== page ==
Florida State University researchers to present at American Educational Research Association Annual Meeting

April 5, 2018 Leave a comment

From: https://news.fsu.edu/news/university-news/2018/04/04/florida-state-university-researchers-to-present-at-american-educational-research-association-annual-meeting/

Dozens of Florida State University researchers are preparing to present at the 2018 American Educational Research Association Annual Meeting.

Eighty-four researchers, including faculty and graduate students, will present a total of 70 different presentations at the largest gathering of scholars in the field of education research.

“Our goal in research is to advance teaching practice and policies and impact future educational outcomes,” said Marcy Driscoll, dean of the FSU College of Education. “We are proud to see our faculty and students at AERA share some of the important research being conducted at the College and university.”

This year’s meeting, featuring the theme “The Dreams, Possibilities, and Necessity of Public Education,” will be held April 13-17 in New York City.

FSU’s featured presenters will showcase recent work in areas such as postsecondary success, STEM education, teacher preparation and game-based learning.

Participating entities include: the College of Education, the College of Arts and Sciences, the Florida Center for Reading Research, the College of Social Sciences and Public Policy, the Learning Systems Institute and the National High Magnetic Field Laboratory.

For a full schedule of FSU presenters and their research topics, visit https://education.fsu.edu/wp-content/uploads/2018/03/AERA-2018-presentations.pdf.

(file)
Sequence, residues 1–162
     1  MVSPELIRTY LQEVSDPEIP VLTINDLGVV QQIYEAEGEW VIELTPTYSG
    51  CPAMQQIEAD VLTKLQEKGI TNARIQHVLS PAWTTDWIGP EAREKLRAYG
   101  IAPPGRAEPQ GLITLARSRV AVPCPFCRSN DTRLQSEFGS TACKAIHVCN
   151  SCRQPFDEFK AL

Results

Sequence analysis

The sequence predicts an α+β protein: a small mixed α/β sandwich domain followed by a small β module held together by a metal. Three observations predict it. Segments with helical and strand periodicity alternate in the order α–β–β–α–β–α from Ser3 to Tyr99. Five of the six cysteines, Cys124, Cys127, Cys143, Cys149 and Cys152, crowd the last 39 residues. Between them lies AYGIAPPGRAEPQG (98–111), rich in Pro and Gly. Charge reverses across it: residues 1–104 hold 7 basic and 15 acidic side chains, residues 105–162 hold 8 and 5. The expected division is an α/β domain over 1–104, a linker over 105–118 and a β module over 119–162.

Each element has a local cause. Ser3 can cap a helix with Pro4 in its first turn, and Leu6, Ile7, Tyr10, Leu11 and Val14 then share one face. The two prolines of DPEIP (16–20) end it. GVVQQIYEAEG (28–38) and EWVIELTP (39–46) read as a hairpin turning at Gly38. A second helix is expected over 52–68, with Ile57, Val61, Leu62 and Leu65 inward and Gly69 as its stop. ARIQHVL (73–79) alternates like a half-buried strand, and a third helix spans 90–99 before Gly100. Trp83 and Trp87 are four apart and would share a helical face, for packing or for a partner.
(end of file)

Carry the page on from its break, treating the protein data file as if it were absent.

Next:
Categories: College of Education

Students and Faculty Honored at Annual Research Conference

March 27, 2018 Leave a comment

The annual Marvalene Hughes Research in Education Conference, hosted by the Council on Research in Education (CORE), has become a tradition at FSU’s College of Education. Named for COE alumna Dr. Marvalene Hughes, the unique event invites cross-departmental collaboration.


The 2018 conference took place March 23 and featured a number of notable presenters. As a first this year, students from the first cohort of the College of Education’s online Ed.D. program in Educational Leadership and Policy presented their research. This unique program is the first online doctoral program at Florida State and prepares education leaders to understand organizational systems, to improve policy and practice, and to be aware of issues of equity.


Another important part of the 2018 conference took place in the College of Education courtyard. Dean Marcy Driscoll, alongside Provost Sally McRorie, announced the finalists of the Robert M. Gagné Research Awards. The awards, given to a student and a faculty member, are eponymously named after the prodigious researcher and educator. This year, the Robert M. Gagné Research Award finalists were:

Gagne finalists

Left to right: Sarah Cox, Peter Carafano, Ally Quinney, Hanhan Xue, Kathleen Krach, Jenny Root, Provost Sally McRorie, Dean Marcy Driscoll


  • Kathleen Krach, Educational Psychology & Learning Systems
  • Jenny Root, School of Teacher Education
  • Hanhan Xue, Sport Management
  • Stephanie Zuilkowski, Educational Leadership & Policy Studies


  • Peter Carafano, Educational Psychology & Learning Systems
  • Sarah Cox, School of Teacher Education
  • Cassandra Howard, Educational Leadership & Policy Studies
  • Ally Quinney, Sport Management

The two winners were:

  • Stephanie Zuilkowski, Educational Leadership & Policy Studies
  • Cassandra Howard, Educational Leadership & Policy Studies

Left to right: Dean Marcy Driscoll, Cassandra Howard, Stephanie Zuilkowski, and Provost Sally McRorie